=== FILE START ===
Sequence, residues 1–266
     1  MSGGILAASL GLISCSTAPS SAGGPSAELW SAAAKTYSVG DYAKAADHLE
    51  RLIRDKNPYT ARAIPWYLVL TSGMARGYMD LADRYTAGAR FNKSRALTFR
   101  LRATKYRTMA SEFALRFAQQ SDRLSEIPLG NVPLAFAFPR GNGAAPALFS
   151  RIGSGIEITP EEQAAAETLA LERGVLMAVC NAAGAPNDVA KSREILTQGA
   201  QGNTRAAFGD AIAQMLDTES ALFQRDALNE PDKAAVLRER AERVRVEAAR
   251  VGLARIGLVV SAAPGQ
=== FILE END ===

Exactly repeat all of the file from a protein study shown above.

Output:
Sequence, residues 1–266
     1  MSGGILAASL GLISCSTAPS SAGGPSAELW SAAAKTYSVG DYAKAADHLE
    51  RLIRDKNPYT ARAIPWYLVL TSGMARGYMD LADRYTAGAR FNKSRALTFR
   101  LRATKYRTMA SEFALRFAQQ SDRLSEIPLG NVPLAFAFPR GNGAAPALFS
   151  RIGSGIEITP EEQAAAETLA LERGVLMAVC NAAGAPNDVA KSREILTQGA
   201  QGNTRAAFGD AIAQMLDTES ALFQRDALNE PDKAAVLRER AERVRVEAAR
   251  VGLARIGLVV SAAPGQ